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Scenarios Case Study - Dinokeng

Scenarios Case Study - Dinokeng

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Published by Reos Partners
Reos Institute Scenarios Case Study - Dinokeng
Reos Institute Scenarios Case Study - Dinokeng

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Published by: Reos Partners on Oct 29, 2013
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This work is licensed under the Creave Commons Aribuon
Noncommercial-No Derivave Works 3.0 unported License.To view a copy of this license, visit creavecommons.org/licenses/by-nc-nd/3.0/
inokeng Scenarios 
Collectively constructing asustainable future for South Africa
South Africa
Dr. Mamphela Ramphele, Archbishop Njongonkulu Ndungane, Mr. Bob Head, Ms. Graça Machel, Dr.Vincent Maphai, and Mr. Rick Menell.
“Walk Apart, “Walk Behind”, “Walk Together”.
Reos Partners Scenarios Case Study Series 2013 | Dinokeng Scenarios
The Context
In 2008, South Africa was experiencing the tumble of seismic polical shis. The previous year at thenaonal conference of the African Naonal Congress(ANC), President Thabo Mbeki had lost the party’sleadership to Jacob Zuma. In 2008, Mbeki and anumber of senior cabinet ministers resigned, withJacob Zuma assuming the country’s presidency aerthe naonal elecons in 2009. The me was markedby uncertainty. Polical leaders were consumed by thestruggle for power and ensuing reshuing within theANC.Meanwhile the world was in the midst of the worsteconomic crisis since the Great Depression. WhileSouth Africa has been buressed by strong nancialregulaons and prudent scal and monetary policies,the global economic downturn sent tremors throughthe local economy in the form of job losses, shrinkingcapital nancing, and decreases in direct foreigninvestment. The South African GDP growth rate sunkfrom 6% in early 2008 to a low of 2,9% in late 2009.Employment fell by 500,000 jobs across the sameperiod.South Africa was also experiencing large-scalemigraon from the neighbouring state of Zimbabweand other countries in the region. Xenophobic aackspersisted across the stressed area. In addion, theeects of climate change and economic crisis placedincreasing pressure on agricultural producon, ruralsustainability, and food security. People remainedexposed to unacceptably high levels of crime.In the 15 years of South Africa’s democracy, therealies of construcng a new naon had revealedthemselves as an enrely grier and more complextask than its people had ancipated.In response to these predicaments, a group of 35 SouthAfricans from a wide spectrum of society came togetherto think deeply about South Africa’s context and to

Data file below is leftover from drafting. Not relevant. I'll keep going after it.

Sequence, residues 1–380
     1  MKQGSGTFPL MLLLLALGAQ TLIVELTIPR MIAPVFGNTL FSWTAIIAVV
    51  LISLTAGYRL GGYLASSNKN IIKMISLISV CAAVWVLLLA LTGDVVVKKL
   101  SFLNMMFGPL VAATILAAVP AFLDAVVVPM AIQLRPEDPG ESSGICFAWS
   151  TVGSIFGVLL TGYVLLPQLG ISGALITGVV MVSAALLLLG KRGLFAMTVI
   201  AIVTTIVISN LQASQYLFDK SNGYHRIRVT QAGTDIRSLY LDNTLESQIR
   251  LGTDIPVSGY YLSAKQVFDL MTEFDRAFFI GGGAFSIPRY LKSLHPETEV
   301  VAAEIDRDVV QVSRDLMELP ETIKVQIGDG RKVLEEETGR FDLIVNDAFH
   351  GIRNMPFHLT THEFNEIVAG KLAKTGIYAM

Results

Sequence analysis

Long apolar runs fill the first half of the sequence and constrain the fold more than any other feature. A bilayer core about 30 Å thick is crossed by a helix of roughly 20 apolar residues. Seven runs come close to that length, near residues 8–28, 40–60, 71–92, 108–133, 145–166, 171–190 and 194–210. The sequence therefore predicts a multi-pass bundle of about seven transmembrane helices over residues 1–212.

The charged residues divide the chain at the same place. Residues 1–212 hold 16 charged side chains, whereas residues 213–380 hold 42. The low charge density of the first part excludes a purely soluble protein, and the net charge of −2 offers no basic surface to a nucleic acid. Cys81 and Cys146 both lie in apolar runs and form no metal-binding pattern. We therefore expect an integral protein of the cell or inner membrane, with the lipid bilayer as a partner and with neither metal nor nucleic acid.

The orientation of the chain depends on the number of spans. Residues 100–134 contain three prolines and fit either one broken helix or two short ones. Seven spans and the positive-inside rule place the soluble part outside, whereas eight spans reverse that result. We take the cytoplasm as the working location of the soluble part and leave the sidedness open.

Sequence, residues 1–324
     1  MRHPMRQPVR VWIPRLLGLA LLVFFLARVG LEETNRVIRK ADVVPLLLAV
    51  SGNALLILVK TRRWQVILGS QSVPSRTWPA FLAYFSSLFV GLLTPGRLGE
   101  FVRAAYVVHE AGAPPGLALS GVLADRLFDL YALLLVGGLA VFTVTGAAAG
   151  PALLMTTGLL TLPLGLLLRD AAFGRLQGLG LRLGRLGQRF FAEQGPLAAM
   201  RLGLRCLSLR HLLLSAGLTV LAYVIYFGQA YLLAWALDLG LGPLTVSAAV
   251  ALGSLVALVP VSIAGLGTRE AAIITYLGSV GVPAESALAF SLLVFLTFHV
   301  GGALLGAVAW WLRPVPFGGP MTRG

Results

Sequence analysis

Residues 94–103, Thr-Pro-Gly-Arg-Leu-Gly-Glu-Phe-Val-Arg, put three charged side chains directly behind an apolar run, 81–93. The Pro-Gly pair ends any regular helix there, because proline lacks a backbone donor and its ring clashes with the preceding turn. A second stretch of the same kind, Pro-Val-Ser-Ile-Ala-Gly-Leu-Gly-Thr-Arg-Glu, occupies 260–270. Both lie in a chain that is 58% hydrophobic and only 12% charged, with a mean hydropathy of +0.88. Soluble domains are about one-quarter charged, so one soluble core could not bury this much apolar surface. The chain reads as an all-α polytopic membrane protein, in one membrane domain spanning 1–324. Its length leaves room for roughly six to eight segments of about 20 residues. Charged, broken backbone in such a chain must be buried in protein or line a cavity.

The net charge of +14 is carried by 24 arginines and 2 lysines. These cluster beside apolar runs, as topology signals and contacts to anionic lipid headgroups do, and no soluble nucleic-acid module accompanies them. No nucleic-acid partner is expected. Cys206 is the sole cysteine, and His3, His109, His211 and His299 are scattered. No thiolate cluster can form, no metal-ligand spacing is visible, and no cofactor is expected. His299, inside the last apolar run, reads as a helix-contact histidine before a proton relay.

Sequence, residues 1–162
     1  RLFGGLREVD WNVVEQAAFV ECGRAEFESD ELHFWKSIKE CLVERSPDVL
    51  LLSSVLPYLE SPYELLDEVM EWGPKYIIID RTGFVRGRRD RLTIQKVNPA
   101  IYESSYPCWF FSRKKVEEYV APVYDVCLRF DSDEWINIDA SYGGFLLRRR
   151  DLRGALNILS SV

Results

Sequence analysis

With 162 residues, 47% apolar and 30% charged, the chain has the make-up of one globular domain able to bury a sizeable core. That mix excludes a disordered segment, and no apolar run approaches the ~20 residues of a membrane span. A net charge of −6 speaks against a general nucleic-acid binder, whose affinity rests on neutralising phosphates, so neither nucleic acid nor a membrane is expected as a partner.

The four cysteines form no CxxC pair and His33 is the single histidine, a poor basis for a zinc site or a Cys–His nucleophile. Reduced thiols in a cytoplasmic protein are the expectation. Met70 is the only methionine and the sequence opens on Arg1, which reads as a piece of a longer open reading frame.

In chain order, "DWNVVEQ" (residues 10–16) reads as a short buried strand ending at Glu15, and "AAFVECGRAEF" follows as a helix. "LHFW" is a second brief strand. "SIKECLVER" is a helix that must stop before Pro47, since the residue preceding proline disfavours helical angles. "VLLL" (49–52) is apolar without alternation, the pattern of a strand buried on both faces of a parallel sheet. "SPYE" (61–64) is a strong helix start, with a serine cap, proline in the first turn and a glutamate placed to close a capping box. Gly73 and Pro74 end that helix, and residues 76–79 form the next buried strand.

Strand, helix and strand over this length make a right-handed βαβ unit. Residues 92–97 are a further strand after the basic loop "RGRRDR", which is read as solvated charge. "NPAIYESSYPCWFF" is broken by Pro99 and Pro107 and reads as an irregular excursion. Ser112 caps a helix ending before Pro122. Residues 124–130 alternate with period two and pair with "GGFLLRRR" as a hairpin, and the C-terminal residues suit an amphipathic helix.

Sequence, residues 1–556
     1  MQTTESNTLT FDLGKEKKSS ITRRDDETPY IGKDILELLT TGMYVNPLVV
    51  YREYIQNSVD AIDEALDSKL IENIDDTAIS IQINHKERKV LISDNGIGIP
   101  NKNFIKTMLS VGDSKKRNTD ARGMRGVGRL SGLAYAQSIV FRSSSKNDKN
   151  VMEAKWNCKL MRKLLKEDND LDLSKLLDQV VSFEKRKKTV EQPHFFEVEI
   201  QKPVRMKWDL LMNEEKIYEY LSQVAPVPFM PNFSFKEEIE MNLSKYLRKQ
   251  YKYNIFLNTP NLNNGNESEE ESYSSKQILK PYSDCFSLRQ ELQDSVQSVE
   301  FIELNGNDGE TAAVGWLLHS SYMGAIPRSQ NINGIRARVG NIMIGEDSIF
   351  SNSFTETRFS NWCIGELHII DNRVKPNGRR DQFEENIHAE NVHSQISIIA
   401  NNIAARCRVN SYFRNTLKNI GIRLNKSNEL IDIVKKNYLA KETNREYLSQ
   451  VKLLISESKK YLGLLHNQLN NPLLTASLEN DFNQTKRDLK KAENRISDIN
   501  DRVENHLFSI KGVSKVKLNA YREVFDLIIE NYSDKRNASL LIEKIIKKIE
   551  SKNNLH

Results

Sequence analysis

Dinokeng Scenarios 2008-2012 
Collectively constructing
a sustainable future forSouth Africa
Reos Partners Scenarios Case Study Series 2013 | Dinokeng Scenarios
collecvely construct and consider possible scenarios of the country’s future.
The Convenors
The scenario team comprised leaders from civil societyand government, polical pares, business, publicadministraon, trade unions, religious groups, academia,and the media. Members were brought together by sixconvenors, all of whom were acvely engaged in naonalissues. They were Dr. Mamphela Ramphele, who chairedthe convenor group, Archbishop Njongonkulu Ndungane,Mr. Bob Head, Ms. Graça Machel, Dr. Vincent Maphai,and Mr. Rick Menell.The team was a diverse group of individuals with widelydiering perspecves and experiences. Membersdebated robustly and did not agree on everything. Whatthey shared was a common commitment to theprinciples of South Africa’s Constuon, an appreciaonof the country’s heritage, and a very real concern abouthow they, as cizen-leaders, could contribute to theconstrucon of a sustainable future for South Africa.
The Process
The team implemented two disnct, thoughoverlapping, phases. In the rst, members focused onsensing the South African context and construcngand capturing the scenarios; in the second, theysought the most eecve means of sharing this workwith others.
Phase I (2008-2009): Sensing and Building
The rst phase of the Dinokeng exercise involved anintensive process spanning 10 months, from August2008 to April 2009. It included in-depth interviews byscenario team members with a wide array of leadersfrom all sectors of society. This part of the process wasfollowed by three separate three-day workshops in2008 and a fourth workshop in 2009.Facilitators prepared a synthesis report on theinterviews, which they shared with the team. Severalthemes emerged, including the character of SouthAfrica’s democracy; the government’s capacity todeliver in core areas such as educaon and healthcare; and a model of development and growth.Scenario team members reviewed the quesonsraised in the interviews and, through structuredconversaons, deepened their understanding of SouthAfrica’s key challenges.

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